article28.11.20225 minutes

Canux 2022 takeaways

  • Design

For the 2022 edition of CanUX, nventive sent digital strategist Claudine Audet and I to Ottawa to participate in the conference and bring back what we had learned.

  1. Designing for the future

Unsurprisingly, the future of the tech industry was a big topic. The most explicitly forward-looking talks looked at designing for emerging technology. AR, VR, AI, and Blockchain all made an appearance. Claudel Rheault discussed the challenges in prototyping Machine Learning tools and offered approaches to conducting user research. Lisa Lokshina discussed the potential for AR in education and learning. Filippo Di Trapani’s talk on Web3, discussed how Blockchain enables creators to monetize their content in a mixed reality (AR, VR) future. Seeing these emerging technologies from the perspective of practitioners that are leading the way, was eye opening. It not only gave perspective on where these technologies are going, but also how the design process can support new and emerging problems.

  1. Ethics and Inclusivity

Another major thread that ran through the lectures was ethical design. This is a huge topic, and the conversation took many forms. Sara Grimes looked at age-appropriate design and the mechanisms driving policy in that area. Melanie Buset discussed standards for ethical user testing. Farai Mazima received a standing ovation for his talk on workplace inclusivity. The common message from these talks was one of accountability. If we as practitioners do not take the responsibility for positive change in our industry, who will?

  1. Laws, Principles, Scales

As designers, we look for ways to structure information into logical groupings. At the conference several lectures were centred around laws, principles, or scales. Lynn Boyd framed her service design work at Nasa through Dr. S.R Ranganathan’s five foundational laws of library science. Lou Downe shared their 15 principles of good service design. Giles Colborne described his five levels of customer centred maturity. While slightly less lofty, this theme provides valuable insight into how strategists and designers use frameworks to communicate and structure their ideas.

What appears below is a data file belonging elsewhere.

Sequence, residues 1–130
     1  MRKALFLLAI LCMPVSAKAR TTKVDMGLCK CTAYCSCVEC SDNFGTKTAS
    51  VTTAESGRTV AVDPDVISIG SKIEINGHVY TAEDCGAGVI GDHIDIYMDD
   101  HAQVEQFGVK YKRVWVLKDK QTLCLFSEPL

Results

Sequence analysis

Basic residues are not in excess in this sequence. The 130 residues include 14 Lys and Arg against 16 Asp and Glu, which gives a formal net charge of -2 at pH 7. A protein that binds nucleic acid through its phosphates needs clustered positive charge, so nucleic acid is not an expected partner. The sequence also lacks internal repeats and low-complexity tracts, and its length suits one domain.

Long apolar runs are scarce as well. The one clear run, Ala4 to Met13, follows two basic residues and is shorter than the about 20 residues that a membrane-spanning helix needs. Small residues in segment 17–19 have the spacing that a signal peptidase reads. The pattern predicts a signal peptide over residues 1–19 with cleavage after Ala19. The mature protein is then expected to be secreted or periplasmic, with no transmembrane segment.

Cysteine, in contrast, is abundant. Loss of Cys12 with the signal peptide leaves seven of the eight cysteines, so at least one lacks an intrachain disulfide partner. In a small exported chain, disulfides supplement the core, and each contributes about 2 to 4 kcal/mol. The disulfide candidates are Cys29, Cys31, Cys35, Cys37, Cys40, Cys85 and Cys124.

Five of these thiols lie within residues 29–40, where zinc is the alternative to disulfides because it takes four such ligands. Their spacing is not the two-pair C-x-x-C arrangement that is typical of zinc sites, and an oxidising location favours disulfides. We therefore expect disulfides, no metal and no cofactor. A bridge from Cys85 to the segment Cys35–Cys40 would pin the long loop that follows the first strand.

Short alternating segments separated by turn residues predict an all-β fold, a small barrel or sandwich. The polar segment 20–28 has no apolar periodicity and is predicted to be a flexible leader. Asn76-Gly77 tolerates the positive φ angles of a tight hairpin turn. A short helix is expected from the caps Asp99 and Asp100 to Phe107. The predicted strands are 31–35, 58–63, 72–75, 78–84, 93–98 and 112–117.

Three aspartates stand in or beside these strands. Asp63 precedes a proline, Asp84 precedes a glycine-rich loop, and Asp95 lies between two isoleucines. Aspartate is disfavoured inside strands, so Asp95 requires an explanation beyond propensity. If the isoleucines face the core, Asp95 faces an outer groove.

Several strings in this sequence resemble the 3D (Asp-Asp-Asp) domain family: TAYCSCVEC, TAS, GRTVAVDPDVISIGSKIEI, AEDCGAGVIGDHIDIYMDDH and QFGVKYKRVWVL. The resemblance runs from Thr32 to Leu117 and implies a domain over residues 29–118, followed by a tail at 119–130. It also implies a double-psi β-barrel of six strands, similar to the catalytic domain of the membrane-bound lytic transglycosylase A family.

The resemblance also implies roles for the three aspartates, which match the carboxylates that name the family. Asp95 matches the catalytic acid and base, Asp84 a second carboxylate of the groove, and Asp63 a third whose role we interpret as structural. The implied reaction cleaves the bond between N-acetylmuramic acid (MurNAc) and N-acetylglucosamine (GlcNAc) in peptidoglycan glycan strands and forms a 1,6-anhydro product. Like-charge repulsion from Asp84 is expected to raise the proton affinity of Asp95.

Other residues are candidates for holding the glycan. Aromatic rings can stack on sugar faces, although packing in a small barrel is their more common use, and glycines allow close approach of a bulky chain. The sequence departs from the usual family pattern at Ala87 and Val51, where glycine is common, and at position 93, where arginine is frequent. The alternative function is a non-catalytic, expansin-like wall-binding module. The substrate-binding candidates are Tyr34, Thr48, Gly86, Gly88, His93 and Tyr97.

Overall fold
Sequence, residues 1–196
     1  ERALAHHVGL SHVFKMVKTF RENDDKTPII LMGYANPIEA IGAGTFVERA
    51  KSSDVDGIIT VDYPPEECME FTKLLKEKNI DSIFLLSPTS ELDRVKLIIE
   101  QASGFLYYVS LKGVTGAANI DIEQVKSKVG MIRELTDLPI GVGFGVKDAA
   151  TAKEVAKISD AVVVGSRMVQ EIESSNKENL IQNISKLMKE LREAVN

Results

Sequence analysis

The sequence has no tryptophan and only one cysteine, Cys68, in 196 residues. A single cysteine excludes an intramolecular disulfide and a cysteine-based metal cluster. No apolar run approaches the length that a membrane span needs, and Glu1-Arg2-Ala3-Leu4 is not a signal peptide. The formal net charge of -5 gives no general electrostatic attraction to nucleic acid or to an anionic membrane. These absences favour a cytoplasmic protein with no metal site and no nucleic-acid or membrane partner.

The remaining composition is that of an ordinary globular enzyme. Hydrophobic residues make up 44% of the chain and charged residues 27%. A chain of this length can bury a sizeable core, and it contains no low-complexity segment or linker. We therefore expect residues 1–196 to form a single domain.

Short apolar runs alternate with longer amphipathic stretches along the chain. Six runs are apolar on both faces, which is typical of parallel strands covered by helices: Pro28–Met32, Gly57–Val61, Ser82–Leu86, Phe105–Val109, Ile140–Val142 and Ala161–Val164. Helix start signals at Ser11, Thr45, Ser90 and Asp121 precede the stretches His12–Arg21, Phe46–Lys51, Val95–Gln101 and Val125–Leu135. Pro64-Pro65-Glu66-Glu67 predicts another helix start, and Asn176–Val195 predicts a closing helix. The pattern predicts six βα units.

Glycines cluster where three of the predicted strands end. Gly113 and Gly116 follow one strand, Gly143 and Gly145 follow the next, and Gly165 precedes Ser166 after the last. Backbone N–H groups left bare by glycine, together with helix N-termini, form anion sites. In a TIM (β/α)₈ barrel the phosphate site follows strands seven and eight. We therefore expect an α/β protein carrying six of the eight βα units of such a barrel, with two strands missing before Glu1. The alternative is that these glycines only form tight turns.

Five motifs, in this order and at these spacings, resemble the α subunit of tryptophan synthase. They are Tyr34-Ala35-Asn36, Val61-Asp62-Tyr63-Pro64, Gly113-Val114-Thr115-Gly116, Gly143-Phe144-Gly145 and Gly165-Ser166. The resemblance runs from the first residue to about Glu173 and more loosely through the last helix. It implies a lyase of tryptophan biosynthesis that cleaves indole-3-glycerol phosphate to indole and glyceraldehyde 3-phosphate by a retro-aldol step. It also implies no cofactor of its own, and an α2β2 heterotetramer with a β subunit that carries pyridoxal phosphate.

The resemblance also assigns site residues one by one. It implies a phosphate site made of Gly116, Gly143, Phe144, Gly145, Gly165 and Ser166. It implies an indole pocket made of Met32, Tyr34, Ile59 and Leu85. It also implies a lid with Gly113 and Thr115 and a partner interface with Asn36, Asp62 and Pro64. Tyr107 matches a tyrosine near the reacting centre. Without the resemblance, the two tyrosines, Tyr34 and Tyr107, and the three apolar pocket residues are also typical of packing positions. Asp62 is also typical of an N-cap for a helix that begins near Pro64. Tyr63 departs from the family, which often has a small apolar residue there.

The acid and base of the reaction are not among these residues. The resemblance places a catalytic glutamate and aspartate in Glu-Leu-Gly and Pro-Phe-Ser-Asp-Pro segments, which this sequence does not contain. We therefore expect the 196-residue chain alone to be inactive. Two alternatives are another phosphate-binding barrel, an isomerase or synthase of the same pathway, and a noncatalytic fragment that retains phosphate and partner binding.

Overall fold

Personal highlight

Jenny Wen’s talk, Putting Joy on the Roadmap, made a case for emphasizing craft in product design. While there has long been a discourse around using design to “delight” users, she expanded on that thinking and laid out what is at stake in the current moment. It stood out in contrast with Lynn Boyd quoting Edward Tufte an hour earlier, “No one comes to your website for a design experience.

With analogies of digital products as soulless glass skyscrapers, and “web gentrification” I think that Jenny put her finger on an interesting (potential) problem. Intuitively, I do think that new products are increasingly formulaic. As designers, we tend to think of predictability as a good thing, but Jenny’s talk had me considering the trade-off. At what point is something so boring that it is detrimental to the user experience?

Takeaways for nventive

One of the things that I love about working at nventive, is that no two projects are the same. Our team tackles a wide array of new challenges related to changes in both the business and technology landscape. Because of this it felt like the insights from each talk, no matter how specialized, could be applicable to our next project.

Perhaps the most valuable takeaways from the conference were seeing how process driven design translates across all sectors and problem types. It doesn’t matter whether you are working at Nasa, Spotify, or a consultancy, the techniques that we use to identify and define problems are similar. I caught myself several times throughout the conference, looking at someone’s work and thinking to myself, “that’s how I would approach the problem!” This served as a reminder that good design happens with solid process work, not moments of brilliance.